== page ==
Energiforskning, Energy research, Particle Streak Photography, Shadowgraph, Particle Image Velocimetry, Bubble dynamics, bubble transport
pages
91 pages
publisher
Division of Fluid Mechanics, Department of Energy Sciences, Lund Institute of Technology, Lund University
defense location
Lecture room M:E, in the M-building, Ole Römers väg 1, Lund
defense date
2006-12-14 10:15
ISBN
91-628-7023-8
language
English
LU publication?
yes
id
02910b29-03bf-409e-94ce-a4767adbdfc5 (old id 547704)
date added to LUP
2007-09-06 11:08:59
date last changed
2016-09-19 08:45:02
@phdthesis{02910b29-03bf-409e-94ce-a4767adbdfc5,
  abstract     = {The thesis concerns experimental studies of bubble motion and the transport of large particles and bubbles. Bubbly flows are encountered in many engineering applications where the bubbles play an important role for the mass transfer between the phases, e.g. in stirred reactors. A special case of bubble transport is the cavitation phenomenon, which mainly has a negative effect on the performance of hydro machinery. The experiments are divided in three parts where the first part concerns the dynamics of large deformable single bubbles as well as a train of bubbles rising trough a fluid at rest under the influence of wall effects. The aim of this study is to develop experimental techniques to study these flows and provide information and validation data for numerical simulations for development of more accurate modelling of these types of flows. The second part deals with the transport of small spherical bubbles past a Kaplan turbine model where the focus is to provide data of the flow field and the bubble transport in a well defined geometrical configuration that can be simulated numerically with a rather reasonable ease. The third case deals with the motion of large spherical particles falling in the proximity of a wall and as a result of the interactions with the wall it rotates and moves in a manner quite different from a particle falling in an unbounded media. The purpose of this part of the study is to increase the knowledge on wall-sphere interactions and provide data for validation of numerical models. All of the experiments are developed in close collaboration with numerical simulations to include most of the numerical challenges that exist in these flows and confinements.<br/><br>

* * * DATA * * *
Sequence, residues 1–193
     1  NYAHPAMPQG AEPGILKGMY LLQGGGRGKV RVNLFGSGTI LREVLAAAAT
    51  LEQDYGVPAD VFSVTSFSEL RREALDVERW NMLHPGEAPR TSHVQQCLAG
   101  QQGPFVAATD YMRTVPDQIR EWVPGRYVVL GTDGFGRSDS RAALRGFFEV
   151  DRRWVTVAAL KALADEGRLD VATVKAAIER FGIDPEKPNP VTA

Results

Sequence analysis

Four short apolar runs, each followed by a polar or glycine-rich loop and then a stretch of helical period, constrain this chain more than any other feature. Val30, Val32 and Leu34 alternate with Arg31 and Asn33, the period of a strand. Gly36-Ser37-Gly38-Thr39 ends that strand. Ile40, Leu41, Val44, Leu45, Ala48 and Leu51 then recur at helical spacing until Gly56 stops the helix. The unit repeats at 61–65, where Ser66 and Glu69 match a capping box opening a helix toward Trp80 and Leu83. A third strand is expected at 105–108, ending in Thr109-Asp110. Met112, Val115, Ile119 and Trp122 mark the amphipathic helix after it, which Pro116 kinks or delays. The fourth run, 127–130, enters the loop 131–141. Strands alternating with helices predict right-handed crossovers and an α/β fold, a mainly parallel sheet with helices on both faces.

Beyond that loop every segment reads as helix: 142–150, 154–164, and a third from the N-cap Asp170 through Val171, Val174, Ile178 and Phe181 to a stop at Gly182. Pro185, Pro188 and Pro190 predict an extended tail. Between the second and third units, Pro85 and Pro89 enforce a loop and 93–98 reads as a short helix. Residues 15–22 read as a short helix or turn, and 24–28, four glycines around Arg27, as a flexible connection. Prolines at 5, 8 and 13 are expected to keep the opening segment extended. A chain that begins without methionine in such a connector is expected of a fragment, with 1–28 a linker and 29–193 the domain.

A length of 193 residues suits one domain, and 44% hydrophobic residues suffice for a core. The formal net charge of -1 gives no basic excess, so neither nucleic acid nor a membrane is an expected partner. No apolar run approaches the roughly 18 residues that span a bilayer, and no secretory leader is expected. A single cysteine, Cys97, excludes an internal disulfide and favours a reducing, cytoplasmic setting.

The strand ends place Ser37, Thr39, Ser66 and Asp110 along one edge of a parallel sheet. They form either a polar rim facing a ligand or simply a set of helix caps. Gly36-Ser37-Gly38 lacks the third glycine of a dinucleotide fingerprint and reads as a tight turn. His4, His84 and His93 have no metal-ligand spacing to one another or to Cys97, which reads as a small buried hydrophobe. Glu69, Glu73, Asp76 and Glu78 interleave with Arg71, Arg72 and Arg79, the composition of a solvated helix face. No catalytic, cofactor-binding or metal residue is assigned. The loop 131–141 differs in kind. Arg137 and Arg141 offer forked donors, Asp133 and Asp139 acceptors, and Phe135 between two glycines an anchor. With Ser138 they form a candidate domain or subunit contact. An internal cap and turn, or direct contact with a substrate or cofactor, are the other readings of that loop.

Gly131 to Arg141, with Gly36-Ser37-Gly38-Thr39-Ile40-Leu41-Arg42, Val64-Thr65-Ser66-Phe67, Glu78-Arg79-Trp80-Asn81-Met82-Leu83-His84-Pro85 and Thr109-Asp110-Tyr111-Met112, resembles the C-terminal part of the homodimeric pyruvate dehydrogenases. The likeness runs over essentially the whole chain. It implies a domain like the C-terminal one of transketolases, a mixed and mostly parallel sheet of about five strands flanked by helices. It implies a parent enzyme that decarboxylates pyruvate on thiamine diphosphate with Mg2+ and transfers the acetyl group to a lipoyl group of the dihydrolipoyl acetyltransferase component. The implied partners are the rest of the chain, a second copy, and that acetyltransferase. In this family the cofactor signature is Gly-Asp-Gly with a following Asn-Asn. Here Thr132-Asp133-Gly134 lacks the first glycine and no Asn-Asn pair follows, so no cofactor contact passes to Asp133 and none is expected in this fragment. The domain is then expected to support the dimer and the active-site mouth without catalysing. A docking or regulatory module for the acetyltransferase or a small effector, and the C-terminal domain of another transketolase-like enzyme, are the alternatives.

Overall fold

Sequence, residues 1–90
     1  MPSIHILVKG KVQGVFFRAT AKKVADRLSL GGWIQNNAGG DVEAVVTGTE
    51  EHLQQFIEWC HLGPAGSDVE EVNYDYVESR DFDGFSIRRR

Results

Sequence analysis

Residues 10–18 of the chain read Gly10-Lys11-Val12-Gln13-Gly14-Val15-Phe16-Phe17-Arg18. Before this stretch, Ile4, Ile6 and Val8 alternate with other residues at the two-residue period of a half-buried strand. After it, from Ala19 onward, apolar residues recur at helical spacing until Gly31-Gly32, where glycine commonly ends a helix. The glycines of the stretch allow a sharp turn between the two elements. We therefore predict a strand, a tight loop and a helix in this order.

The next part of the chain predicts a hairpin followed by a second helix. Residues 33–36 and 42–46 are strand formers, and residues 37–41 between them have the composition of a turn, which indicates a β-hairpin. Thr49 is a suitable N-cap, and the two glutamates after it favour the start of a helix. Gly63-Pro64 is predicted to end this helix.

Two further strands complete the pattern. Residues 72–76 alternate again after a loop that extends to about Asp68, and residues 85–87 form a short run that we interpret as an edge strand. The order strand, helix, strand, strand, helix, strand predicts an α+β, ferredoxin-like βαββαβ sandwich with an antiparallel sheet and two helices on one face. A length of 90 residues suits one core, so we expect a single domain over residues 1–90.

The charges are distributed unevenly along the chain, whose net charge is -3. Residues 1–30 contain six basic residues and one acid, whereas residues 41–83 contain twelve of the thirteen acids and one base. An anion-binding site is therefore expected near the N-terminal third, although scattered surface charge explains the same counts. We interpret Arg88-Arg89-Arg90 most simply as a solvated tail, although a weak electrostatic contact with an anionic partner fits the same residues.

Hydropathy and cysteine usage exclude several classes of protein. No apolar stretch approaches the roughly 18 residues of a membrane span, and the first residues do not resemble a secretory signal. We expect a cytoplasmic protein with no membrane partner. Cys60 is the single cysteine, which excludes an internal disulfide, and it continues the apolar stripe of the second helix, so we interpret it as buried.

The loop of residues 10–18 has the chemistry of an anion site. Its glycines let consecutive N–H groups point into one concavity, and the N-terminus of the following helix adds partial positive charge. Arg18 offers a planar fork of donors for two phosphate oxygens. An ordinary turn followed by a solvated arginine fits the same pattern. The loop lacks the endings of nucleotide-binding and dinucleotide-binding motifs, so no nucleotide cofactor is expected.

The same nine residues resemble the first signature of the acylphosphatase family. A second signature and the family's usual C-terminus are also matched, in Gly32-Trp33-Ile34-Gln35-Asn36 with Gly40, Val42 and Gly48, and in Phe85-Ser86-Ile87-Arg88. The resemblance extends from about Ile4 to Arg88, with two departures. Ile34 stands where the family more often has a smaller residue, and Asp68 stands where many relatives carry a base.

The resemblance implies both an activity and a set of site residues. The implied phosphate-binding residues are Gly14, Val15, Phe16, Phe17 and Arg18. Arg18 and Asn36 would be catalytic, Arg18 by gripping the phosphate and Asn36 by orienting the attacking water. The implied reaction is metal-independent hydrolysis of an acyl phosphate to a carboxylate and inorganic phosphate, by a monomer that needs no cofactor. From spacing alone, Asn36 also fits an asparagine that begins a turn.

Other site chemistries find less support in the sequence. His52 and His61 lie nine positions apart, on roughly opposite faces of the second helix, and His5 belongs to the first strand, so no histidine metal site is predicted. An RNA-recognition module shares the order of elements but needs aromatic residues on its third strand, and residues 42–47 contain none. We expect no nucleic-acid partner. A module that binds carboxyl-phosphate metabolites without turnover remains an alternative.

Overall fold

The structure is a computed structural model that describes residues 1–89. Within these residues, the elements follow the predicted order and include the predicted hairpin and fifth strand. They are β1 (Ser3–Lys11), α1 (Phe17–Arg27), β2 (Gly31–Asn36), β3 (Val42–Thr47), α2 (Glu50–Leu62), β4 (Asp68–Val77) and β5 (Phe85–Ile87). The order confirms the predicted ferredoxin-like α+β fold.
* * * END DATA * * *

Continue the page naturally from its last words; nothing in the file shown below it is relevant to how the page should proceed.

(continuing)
<br/><br>
To measure the large deformable bubbles with a high spatial and temporal resolution a shadowgraph technique is used. This enables detailed studies of the formation, release and deformation of these bubbles. The transport of bubbles in the Kaplan turbine model is investigated using a Particle Streak Photography method (PSP) and the flow field of the surrounding liquid phase is measured by Particle Image Velocimetry (PIV). For the case of the falling sphere a tracking algorithm is developed where the motion of the sphere is determined by tracking surface markers of different colours. Images of the falling sphere captured by a camera are analysed to compute the linear and the angular velocity of the sphere.<br/><br>
<br/><br>
The results of the single and multiple rising bubbles show that the process of release from an underwater nozzle of bubbles in this regime is violent and that the deformation begins immediately after the break-off from the nozzle. Disturbances at the surfaces of the bubbles can be seen as waves travelling along the surface and this seems to contribute to the large deformations that the bubbles undergo.<br/><br>
<br/><br>
The studies of the Kaplan turbine model provide information of the flow field and bubble transport data for numerical studies. The rotating blades of the model induce large scale vortices where the bubbles tend to stay.<br/><br>
<br/><br>
The investigation of the falling sphere shows that the sphere is greatly affected by the presence of the wall but also by the initial conditions at the release. Numerical studies that are also presented in the thesis further emphasize the influence of these effects.},
  author       = {Andrée, Gunilla},
  isbn         = {91-628-7023-8},
  keyword      = {Energiforskning,Energy research,Particle Streak Photography,Shadowgraph,Particle Image Velocimetry,Bubble dynamics,bubble transport},
  language     = {eng},
  pages        = {91},
  publisher    = {Division of Fluid Mechanics, Department of Energy Sciences, Lund Institute of Technology, Lund University},
  school       = {Lund University},
  title        = {Experimental study of bubble dynamics and transport},
  year         = {2006},
}